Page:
34. 'Where drops of water touch the feet of a 34
man who offers water for sipping to others, no defilement is caused by them. They are equally (pure) as (water) collected on the ground.'
172:1 10. Regarding the term 'a bull's hide' of land, see Vishnu V, 181-183, XCII, 4.
172:2 Âpastamba II, 2, 3, 9. 'Out of sight,' i.e. not before the eyes of him who eats it.'--Govinda. It would, however, seem that this rule refers to food prepared by Sûdras, without the super-visions of Âryans. For Âpastamba's Sûtra, which contains the same word, paroksham, 'out of sight,' certainly has reference to that case only, and there is no reason why food prepared by Brahman cooks should be purified before it is eaten.
172:3 Âpastamba I, 5, 17, 19. The eatables here intended are, according to Govinda, Lâdus and other sweet-meats which are frequently bought ready made.
173:8 Dharmatantra, translated 'the fulfilment of the sacred law,' is explained in the commentary by dharmasya tantram anushthânam, by 'the performance of the sacred duties.' It may also mean 'the doctrine of or the treatises on the sacred law.' The Sâstras are the Vedas and the whole body of the sacred literature.
173:9 Vishnu XXIII, 15.
173:10 Vasishtha, VI, 10.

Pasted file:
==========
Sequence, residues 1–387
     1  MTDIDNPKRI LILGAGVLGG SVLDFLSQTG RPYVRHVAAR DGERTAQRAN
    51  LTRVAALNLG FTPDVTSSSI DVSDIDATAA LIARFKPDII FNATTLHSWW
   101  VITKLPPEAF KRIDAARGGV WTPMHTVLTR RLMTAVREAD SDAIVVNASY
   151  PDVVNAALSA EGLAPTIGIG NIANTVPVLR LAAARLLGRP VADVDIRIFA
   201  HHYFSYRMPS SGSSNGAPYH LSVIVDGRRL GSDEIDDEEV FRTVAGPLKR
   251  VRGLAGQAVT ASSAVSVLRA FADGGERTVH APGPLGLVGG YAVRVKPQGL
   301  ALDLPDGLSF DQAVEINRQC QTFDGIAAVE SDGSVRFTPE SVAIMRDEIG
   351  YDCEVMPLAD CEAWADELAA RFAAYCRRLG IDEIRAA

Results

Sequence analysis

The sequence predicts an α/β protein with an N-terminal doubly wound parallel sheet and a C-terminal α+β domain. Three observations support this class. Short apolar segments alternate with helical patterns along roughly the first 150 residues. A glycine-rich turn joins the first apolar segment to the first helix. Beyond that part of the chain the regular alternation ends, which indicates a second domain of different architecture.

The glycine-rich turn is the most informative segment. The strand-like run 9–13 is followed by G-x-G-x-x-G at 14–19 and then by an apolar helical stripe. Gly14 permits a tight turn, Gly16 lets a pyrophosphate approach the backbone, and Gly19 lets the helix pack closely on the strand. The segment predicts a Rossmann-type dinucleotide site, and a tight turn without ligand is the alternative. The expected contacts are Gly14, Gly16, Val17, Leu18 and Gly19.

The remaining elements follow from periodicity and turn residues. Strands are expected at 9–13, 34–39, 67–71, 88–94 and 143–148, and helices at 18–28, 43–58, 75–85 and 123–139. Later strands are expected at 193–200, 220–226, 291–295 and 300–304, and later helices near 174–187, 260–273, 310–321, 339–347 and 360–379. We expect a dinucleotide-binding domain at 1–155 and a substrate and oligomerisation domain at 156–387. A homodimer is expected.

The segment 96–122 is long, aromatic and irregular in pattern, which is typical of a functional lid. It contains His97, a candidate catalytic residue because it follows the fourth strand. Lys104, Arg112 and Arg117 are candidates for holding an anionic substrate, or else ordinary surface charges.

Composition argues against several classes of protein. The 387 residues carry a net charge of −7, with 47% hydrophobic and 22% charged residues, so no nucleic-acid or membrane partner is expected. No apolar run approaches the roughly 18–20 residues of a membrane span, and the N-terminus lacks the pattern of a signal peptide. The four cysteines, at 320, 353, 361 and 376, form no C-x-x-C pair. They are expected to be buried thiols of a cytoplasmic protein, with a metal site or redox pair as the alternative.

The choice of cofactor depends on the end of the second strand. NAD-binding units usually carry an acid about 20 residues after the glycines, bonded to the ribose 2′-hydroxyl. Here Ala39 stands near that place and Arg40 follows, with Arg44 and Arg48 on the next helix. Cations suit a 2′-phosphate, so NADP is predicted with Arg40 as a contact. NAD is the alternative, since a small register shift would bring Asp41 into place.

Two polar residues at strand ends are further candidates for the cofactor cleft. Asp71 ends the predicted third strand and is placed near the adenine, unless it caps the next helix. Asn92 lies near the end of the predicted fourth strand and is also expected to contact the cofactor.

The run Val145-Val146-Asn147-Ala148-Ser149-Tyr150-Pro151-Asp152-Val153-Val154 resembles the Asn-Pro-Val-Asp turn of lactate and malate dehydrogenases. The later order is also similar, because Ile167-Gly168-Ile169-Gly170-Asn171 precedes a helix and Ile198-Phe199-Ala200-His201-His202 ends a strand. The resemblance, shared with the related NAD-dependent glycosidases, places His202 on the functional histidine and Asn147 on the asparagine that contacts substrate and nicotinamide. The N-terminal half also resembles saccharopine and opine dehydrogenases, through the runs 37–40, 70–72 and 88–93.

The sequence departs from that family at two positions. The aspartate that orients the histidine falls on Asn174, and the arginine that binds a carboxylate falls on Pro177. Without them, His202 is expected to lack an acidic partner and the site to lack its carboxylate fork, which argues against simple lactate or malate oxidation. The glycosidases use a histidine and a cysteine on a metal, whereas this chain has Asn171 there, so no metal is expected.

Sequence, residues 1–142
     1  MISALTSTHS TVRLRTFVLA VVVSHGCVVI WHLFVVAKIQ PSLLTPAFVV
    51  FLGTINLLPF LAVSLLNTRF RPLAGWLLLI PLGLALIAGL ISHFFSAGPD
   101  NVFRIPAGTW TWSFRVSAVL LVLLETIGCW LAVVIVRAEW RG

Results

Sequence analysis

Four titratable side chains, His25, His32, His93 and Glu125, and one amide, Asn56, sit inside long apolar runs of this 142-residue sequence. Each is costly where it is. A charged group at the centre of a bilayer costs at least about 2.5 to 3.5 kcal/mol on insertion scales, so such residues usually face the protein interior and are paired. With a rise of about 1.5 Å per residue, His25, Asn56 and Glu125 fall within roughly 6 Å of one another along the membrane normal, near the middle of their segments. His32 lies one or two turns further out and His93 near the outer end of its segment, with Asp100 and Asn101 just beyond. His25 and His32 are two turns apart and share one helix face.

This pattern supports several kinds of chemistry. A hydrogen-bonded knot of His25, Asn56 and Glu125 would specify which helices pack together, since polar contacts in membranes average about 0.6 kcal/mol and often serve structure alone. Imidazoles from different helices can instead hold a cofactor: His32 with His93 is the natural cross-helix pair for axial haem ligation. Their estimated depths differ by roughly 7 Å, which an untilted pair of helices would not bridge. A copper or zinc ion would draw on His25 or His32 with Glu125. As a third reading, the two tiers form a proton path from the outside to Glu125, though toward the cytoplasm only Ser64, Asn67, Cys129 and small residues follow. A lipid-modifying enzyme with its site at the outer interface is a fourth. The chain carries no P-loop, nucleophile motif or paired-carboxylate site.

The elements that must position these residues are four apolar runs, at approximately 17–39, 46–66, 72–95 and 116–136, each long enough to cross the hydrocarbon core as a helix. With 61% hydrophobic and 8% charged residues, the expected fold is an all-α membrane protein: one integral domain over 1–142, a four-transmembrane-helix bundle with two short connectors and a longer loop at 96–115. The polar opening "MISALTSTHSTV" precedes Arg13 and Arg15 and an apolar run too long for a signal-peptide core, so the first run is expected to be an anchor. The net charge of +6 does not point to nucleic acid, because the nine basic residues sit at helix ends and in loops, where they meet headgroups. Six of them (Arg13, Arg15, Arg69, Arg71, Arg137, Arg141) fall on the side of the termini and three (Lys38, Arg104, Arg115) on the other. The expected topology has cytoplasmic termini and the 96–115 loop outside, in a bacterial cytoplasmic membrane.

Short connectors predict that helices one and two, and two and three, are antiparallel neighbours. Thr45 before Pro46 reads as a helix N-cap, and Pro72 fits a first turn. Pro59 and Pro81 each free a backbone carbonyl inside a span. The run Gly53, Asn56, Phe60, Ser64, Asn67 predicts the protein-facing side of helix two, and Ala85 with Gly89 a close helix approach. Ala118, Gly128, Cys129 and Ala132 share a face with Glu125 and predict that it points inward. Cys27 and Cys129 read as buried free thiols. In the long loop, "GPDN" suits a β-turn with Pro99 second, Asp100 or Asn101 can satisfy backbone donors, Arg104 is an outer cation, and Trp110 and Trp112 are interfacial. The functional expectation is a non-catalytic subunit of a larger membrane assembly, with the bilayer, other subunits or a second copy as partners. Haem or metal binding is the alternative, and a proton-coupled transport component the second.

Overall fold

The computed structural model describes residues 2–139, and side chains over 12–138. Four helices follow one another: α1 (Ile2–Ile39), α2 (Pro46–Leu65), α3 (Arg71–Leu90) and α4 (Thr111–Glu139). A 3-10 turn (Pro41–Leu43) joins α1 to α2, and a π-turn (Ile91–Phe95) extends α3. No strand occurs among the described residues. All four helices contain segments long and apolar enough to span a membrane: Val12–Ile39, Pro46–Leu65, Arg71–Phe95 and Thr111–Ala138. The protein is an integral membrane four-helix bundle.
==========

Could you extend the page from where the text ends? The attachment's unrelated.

174:11-12. Vasishtha VI, 14, 18. According to Govinda one application of water suffices for the left hand and two for both together.
174:13-14. Vasishtha VI, 18. Govinda reads in Sûtra 14, against the authority of all the MSS., pâyoh, 'for the anus,' instead of pâdayoh, 'for both feet.'
174:15 Âpastamba I, 5, 15, 23.
174:16 Âpastamba I, 5, 16, 14.
174:17 Âpastamba I, 5, 16, 15.
174:18 Vishnu XXIII, 51.
174:19 Taittirîya Samhitâ VI, 1, 3, 4.
174:20 Âpastamba II, 1, 2, 4-5. The above translation follows Govinda's explanation. But âryâdhishthitâh, 'living in the service of Âryans,' may also mean 'superintended by Âryans,' and the rule be taken to refer to the special case of Sûdra cooks, as in the parallel passage of Âpastamba.
175:21 Vasishtha II, 19.
175:22 Vasishtha II, 51.
175:23 Vasishtha II, 41-42.
175:24 Vasishtha III, 3.
175:25 Vasishtha II, 43. M. reads na dadyâtâm, shall not lend.' According to Govinda, 'a very wicked man' is equivalent to 'a Sûdra.'
175:26 Manu III, 63. Govinda says that this Sûtra is introduced in connexion with the expression, 'one who neglects his sacred duties,' which occurs in Sûtra 25.
175:27 Vasishtha III, 9 note, 10. This Sûtra is added in explanation of the term 'the offence of neglecting a Brâhmana.'
176:28-29. Manu III, 64, 66.
176:34 Vasishtha III, 42.